You probably have a ton of ideas on how to grow your website, but instead of trying a bunch of things that may not work, why not go straight to the source? After all, the best people to ask about your membership site are the ones who spend time interacting with your content: your members.
Collecting member feedback is a great way to find out what’s working, what’s not, and what people would like more of. It’s also a huge time saver, as you can find out what members think about new ideas before you spend time implementing them. You can also identify and eliminate problems and focus your resources on the things people actually want.
Before asking for your member’s opinions, first, figure out what part of the member journey you can approve through feedback. Then, look for trends within the responses. By acting on the feedback you get, you’ll not only improve your site and increase your business, but you’ll increase member loyalty by showing that you’re listening.
Here are six ways to get feedback from your members that you can then use to grow your site.
Send a survey asking for feedback
Surveys show your customers that you care what they think and that you’re committed to improving. They’re also probably the easiest way to solicit feedback from your members because they’re simple to create, send out, and analyze.
There are a couple of ways to set up a survey so that your members see it: you can use a plugin to embed it in a popup on your website or use a survey site like SurveyMonkey that you send out via email and social media.
Kelly Perry, one-half of the married-couple duo behind Team Flower, a worldwide floral community and education platform for professional florists, recommends sending customer surveys early and often. “Definitely [conducting] deep surveys, the sooner the better. Maybe as part of your funnel when people subscribe and asking them questions and then periodically asking what their biggest problem is. The sooner you can get to know them, the better.”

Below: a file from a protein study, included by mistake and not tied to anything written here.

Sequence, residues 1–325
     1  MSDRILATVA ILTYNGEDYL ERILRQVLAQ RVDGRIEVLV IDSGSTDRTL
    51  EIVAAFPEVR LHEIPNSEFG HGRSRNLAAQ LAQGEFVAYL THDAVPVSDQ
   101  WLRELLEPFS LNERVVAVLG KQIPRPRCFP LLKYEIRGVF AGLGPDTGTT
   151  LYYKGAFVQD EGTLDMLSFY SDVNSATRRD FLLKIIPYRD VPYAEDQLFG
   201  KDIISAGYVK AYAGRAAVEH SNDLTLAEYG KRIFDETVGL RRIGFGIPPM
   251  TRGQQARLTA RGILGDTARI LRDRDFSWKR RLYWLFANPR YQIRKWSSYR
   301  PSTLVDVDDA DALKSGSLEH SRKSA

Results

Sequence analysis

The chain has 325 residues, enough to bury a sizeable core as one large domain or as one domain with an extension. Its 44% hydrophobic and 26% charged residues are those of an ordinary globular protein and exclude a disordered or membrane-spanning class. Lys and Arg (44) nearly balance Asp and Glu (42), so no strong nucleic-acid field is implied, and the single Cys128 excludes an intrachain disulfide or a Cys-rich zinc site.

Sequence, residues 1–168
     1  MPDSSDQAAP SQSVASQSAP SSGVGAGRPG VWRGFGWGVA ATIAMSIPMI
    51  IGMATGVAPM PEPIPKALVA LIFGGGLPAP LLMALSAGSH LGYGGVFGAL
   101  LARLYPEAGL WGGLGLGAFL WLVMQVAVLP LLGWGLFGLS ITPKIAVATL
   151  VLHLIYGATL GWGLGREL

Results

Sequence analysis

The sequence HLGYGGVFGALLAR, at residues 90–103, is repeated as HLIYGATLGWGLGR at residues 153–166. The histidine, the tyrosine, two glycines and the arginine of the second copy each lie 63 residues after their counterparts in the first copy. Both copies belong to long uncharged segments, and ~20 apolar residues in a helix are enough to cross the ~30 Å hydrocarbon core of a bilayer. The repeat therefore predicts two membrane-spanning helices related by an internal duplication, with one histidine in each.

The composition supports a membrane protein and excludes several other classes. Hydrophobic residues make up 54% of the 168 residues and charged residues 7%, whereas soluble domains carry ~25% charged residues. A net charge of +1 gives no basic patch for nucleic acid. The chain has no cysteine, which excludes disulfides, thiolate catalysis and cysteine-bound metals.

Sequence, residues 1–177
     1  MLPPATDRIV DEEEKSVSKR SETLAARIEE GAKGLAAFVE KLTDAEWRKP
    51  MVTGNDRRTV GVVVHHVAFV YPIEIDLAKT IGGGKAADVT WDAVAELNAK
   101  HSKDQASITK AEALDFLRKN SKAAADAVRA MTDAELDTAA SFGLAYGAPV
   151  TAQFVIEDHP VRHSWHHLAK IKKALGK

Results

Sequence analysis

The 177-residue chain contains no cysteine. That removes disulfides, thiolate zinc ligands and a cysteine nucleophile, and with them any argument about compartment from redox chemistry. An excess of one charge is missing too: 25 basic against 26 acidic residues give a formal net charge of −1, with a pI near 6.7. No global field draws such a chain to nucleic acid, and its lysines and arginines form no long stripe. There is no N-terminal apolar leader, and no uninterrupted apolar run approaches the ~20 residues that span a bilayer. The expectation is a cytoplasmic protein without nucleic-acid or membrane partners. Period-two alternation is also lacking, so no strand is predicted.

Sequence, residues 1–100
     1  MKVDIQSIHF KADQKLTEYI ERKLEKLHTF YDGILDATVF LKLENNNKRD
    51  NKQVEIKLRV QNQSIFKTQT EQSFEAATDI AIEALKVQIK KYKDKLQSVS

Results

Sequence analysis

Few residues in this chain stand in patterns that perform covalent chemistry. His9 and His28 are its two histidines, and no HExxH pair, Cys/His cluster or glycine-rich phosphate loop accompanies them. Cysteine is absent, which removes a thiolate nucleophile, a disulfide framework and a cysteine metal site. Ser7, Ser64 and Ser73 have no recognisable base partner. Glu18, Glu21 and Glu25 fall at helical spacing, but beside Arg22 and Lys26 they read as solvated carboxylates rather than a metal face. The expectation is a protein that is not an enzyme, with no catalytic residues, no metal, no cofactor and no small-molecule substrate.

Keep in mind that you’ll get more responses if you keep the survey short and let people know how many minutes of their time it will take. In addition, you may want to offer an incentive, like a chance to win a gift card or access to password protected content.
Before you write your survey questions, ask yourself what information you’re trying to find out from your members. Be sure to keep the questions short and concise, and avoid asking leading or loaded questions. Keep in mind that asking “closed” questions (multiple choice, yes/no, rankings, etc.) will get you higher response rates and data that is easier to analyze while asking “open” questions where members respond with a written answer will yield a lower response rate, but more insightful data.
Host an in-person event